Bouncing Back Up Again

Understanding what it takes to learn resiliency skills.

In Canada, where I live, there’s a new National Standard for Psychological Health and Safety in the Workplace. This voluntary standard has best practices that hopefully will be adopted by employers to make their organizations healthy workplaces.

But not everyone is going to volunteer to look at stress and mental health and then provide the resources, support, and direction needed to improve mental wellbeing.

Consider a recent survey from Morneau Shepell, an HR, benefits, and employee assistance outsourcing company. Nearly all the physician respondents stated that work issues affected the mental health of employees they see on a regular basis. The scary part is 98 percent of these same physicians believe workplaces play a role in worsening employee health.

While it is important to identify problems, it is critical to learn what companies can do to foster psychologically healthy workplaces. These physicians’ No. 1 recommendation was better workplace communication and social support. Next on the list was providing counseling and guidance services. And these two recommendations were regarded as more important than reducing workload or giving time off from work.


How are you supposed to bounce back up again from a life setback; stressful work situations; or adversity with health, finances, or family?

Michael H. Ballard (, who speaks and provides training on the topic of “resiliency for life,” told me having a foundation of strong beliefs and values is essential to becoming more resilient. This doesn’t have to be from a religious faith perspective, although people of faith seem to have an increased ability to cope with life’s challenges. We also are talking about the values and beliefs that corporate vision and mission statements espouse. These workplace beliefs need to be an integral part of the organizational culture and lived by as many people as possible and not just plastered on the walls.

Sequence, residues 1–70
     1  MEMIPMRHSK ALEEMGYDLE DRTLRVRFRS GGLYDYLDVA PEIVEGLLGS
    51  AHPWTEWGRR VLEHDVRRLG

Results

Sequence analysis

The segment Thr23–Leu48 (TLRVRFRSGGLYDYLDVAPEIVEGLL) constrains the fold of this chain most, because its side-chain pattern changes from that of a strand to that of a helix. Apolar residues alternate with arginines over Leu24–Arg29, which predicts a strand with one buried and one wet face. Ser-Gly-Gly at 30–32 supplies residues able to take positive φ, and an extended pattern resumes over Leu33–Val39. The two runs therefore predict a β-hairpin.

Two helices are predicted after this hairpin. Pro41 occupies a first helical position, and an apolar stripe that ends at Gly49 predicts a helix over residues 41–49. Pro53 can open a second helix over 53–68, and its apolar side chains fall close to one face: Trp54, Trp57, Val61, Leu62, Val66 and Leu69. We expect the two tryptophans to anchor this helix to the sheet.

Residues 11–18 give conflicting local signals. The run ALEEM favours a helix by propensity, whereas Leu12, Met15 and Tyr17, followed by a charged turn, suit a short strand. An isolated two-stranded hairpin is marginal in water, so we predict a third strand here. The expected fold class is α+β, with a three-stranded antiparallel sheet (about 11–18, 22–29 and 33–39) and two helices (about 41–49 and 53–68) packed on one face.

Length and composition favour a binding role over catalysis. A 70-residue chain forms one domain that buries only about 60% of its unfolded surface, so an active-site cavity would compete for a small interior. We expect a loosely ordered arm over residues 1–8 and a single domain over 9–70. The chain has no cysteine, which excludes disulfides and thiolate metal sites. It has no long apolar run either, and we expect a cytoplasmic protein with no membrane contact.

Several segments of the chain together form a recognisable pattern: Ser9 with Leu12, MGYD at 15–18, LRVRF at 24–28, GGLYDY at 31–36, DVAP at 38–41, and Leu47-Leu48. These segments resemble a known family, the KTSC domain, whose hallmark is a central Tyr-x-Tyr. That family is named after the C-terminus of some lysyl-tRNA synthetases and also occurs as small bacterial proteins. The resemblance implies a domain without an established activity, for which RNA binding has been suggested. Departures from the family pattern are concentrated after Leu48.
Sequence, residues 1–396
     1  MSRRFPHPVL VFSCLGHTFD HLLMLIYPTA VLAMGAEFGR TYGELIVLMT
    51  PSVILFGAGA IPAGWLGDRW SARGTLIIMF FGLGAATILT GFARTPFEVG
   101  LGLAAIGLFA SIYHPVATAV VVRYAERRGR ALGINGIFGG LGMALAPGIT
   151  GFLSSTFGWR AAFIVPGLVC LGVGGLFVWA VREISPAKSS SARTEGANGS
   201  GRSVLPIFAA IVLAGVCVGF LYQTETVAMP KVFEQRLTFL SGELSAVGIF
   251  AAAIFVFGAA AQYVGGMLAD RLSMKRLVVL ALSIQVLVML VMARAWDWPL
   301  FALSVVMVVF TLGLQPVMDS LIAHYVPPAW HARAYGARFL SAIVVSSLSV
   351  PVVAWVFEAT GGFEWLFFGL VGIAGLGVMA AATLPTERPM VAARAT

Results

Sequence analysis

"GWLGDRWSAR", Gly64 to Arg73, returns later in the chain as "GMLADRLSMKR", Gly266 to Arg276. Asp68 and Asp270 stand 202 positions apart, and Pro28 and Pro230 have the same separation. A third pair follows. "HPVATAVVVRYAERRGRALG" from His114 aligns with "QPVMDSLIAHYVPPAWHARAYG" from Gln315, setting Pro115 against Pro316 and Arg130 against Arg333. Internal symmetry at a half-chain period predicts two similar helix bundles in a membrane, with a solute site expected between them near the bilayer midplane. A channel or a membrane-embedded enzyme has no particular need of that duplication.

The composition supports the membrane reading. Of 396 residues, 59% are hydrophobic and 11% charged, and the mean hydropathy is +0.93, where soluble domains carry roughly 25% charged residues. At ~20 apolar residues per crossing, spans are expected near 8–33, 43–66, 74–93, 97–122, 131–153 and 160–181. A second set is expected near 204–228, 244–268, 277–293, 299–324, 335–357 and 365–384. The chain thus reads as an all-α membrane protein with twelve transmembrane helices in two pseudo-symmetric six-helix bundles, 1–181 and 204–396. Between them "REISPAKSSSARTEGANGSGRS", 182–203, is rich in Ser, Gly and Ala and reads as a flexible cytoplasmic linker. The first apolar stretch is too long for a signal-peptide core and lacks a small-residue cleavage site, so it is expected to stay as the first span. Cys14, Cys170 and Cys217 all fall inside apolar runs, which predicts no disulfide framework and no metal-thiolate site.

Is it any wonder that companies such as Zappos and Southwest Airlines have culture departments and teams who actively get out on the floor or in the airports, and promote value-driven activities and events, and regularly measure how people are doing to gauge the strength of their culture?


Resiliency is all about the power and ability to get back to where you were before the present crisis had an impact on you.

Ballard had many principles to focus on to help learn how to get back on your feet. I will draw upon three of the things he told me to help make resiliency a way of life for us:

1. Control what you can. Many of you know the classic Serenity Prayer used by Alcoholics Anonymous members and authored by Reinhold Niebuhr:

“God grant me the serenity to accept the things I cannot change 
The courage to change the things I can
And the wisdom to know the difference.”

Far too often we hammer away at supposed solutions we have no control over: workload, production schedules, client expectations, etc. When we focus too much time and energy on things we have no control over, we are headed toward increased stress and risk of burnout.